- Crime rate decreased corresponding to increased incarceration.
- The one tactic that has worked is swarming crime “hot spots” with cops, forcing criminals to mind their manners.
U.S. has highest adult imprisonment rate in the world.
- The United States now has 5% of the world’s population, yet 25% of its prisoners.
o Nearly one in every 33 American adults is in some form of correctional control.
o The prison system now costs states more than $50 billion a year.
- In 2009, according to the Bureau of Justice Statistics, there were 1,524,513 prisoners in state and federal prisons.
o When local jails are included, the total climbs to 2,284,913 prisoners.
o Nonviolent offenders make up more than 60% of the prison and jail population.
o Nonviolent drug offenders now account for about one-fourth of all inmates, up from less than 10% in 1980.
o Expanded incarceration accounts for about 25% of the drop in violent crime that began in the mid-1990s.
o State correctional spending has quadrupled in the last two decades and now totals $52 billion a year, consuming one out of 14 general fund dollars.
- Prisoners forfeit rights, such as voting, as condition of imprisonment.
- High percentage of black males (1 in every 6) & Hispanic males (1 in every 13); White males (1 in every 38).
o In 2010 one in 87 working-aged white men is in prison or jail
o In 2010 one in 36 Hispanic men is in prison or jail.
o In 2010 one in 12 African-American men is in prison or jail.
o More young (20-34) African-American men without a high school diploma or GED are currently behind bars (37 percent) than employed (26 percent).
- Women incarceration rates recently doubled to 1.8% (compared to overall male likelihood of 11.3%)
- Recidivism remains high (2/3 rearrested within 3 years) for most crimes.
o More than 40% of ex-convicts return to prison within three years of release.
o In some states, recidivism rates are closer to 60%.
- In 2008, 18.4% of all state prison inmates are drug offenders.
o Texas reduced recidivism using drug courts to emphasize treatment and probation over incarceration for first time offenders
- Prison reform focuses on prioritizing prison space for violent and dangerous offenders, while strengthening cost-effective alternatives that hold nonviolent offenders accountable.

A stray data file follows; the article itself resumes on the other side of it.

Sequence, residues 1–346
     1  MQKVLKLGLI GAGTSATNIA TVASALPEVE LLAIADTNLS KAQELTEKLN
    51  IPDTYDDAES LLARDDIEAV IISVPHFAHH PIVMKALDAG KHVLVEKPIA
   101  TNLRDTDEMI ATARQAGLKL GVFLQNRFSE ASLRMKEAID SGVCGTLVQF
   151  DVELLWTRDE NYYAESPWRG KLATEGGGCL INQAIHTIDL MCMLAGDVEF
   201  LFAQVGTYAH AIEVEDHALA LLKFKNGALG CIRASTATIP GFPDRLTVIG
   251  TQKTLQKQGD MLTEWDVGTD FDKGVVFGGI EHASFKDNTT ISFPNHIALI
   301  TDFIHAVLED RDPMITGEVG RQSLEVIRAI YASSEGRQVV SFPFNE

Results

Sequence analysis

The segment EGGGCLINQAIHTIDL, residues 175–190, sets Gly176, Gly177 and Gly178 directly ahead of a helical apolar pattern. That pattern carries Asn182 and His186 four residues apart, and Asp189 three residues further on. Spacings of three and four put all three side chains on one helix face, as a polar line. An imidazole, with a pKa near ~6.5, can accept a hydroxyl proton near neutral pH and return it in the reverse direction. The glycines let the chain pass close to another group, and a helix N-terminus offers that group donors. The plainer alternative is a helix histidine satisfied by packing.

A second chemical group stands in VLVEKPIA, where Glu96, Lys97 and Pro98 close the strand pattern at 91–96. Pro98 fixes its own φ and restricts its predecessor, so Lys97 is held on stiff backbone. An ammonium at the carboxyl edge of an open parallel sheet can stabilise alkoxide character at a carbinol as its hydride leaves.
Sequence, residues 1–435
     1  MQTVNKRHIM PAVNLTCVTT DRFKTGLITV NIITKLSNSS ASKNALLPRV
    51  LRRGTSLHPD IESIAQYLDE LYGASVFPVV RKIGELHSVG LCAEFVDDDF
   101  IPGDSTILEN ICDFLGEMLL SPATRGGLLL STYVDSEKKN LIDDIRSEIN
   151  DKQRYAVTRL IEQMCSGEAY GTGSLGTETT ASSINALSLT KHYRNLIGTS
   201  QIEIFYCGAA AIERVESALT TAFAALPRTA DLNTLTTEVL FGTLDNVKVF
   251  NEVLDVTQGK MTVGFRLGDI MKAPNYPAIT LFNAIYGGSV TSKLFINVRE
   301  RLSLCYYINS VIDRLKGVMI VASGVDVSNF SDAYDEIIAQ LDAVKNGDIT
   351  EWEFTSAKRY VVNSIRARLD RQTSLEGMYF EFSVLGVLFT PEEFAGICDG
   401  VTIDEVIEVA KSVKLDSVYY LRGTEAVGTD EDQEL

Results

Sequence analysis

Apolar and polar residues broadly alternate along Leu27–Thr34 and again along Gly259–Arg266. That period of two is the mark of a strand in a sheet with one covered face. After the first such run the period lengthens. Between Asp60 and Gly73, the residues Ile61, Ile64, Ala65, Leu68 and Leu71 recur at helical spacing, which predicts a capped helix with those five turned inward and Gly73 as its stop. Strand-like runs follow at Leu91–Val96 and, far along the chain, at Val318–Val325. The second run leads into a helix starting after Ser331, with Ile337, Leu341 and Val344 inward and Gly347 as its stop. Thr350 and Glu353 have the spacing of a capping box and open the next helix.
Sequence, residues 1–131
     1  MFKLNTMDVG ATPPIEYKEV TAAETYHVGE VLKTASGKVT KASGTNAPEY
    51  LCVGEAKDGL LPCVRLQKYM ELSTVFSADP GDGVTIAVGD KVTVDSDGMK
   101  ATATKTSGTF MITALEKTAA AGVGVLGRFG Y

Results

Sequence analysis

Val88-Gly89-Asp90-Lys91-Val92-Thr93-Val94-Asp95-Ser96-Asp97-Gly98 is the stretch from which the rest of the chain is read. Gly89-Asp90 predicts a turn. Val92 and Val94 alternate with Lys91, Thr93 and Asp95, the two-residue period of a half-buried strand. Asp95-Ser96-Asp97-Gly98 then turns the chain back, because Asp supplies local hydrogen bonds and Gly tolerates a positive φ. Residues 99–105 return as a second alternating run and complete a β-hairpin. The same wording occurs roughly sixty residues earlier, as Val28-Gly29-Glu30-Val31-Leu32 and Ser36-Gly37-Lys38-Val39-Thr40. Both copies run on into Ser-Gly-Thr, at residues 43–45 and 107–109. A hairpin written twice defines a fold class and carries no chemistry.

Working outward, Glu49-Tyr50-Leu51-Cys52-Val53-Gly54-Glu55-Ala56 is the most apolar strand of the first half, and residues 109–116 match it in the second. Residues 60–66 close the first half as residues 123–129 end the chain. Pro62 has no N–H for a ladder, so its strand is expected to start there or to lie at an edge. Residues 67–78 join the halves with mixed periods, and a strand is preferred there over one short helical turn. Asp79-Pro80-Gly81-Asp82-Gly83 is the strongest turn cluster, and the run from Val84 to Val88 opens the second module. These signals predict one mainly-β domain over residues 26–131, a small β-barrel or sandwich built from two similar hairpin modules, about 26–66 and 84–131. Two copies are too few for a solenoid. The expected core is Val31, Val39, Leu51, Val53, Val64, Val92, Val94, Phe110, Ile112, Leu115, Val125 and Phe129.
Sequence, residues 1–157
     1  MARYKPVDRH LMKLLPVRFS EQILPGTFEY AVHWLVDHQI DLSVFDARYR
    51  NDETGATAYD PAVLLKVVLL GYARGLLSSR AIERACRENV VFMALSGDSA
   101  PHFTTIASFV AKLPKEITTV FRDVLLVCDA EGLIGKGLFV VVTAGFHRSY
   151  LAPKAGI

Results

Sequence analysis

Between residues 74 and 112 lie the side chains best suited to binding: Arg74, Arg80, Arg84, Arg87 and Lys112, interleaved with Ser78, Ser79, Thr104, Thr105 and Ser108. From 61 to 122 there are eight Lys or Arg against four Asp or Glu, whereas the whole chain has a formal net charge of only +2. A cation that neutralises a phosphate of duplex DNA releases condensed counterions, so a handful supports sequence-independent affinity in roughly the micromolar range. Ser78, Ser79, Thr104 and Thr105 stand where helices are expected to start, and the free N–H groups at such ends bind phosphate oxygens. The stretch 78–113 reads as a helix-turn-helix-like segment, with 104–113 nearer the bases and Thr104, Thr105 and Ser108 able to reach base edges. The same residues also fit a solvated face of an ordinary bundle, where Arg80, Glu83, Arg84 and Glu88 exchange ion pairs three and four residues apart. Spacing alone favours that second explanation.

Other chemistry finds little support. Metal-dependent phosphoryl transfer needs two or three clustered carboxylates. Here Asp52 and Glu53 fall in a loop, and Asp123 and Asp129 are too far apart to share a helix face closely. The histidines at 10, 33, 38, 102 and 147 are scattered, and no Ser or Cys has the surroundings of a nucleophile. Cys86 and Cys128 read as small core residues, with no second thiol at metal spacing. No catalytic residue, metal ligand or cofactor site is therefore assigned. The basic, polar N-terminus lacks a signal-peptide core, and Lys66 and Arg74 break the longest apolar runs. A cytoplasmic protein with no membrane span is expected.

o Texas lowered crime rate by 25%, while lowering incarceration rate.
o New York prison population has fallen to lowest rate since the 60’s, thanks in part to innovative policing strategies in New York City.
Justice statistics divide crime into four categories:
- violent (assault, robbery),
- property (theft, vandalism),
- public-order(prostitution, gambling), and
- Based on “damage to the victim” these would play out, from least to greatest, like this: public-order, drug, property, and violent.
Recidivism rates in America have been trending upward, from around 63% in 1983 to around 77% now.
- Recidivism, however, does not correlate with respect to victimization.
o Property damage yields the highest rate of re-arrest at 82%.
o Drug offenders are at 77%,
o Public-order offenders are at 74%, and
o Violent criminals are at 71%.
- Of the prisoners that were rearrested, 57% of their arrests occurred within the first year of their release.
- Prior to 1996, when Megan’s Law was passed (requiring every state to register sex offenders), sex offender recidivism was around 25%.
o The reason we treat sex offenders with such disdain is based on the fact that (according to a 2012 report) 26% of sex offender victims are age 12 – 14, and 34% are under the age of 9.
States are trying a dramatic shift on crime and punishment policy, offering alternative punishments for non-violent offenders.
- Texas began to shift nonviolent offenders from state prison into alternatives, by strengthening probation and parole supervision and treatment.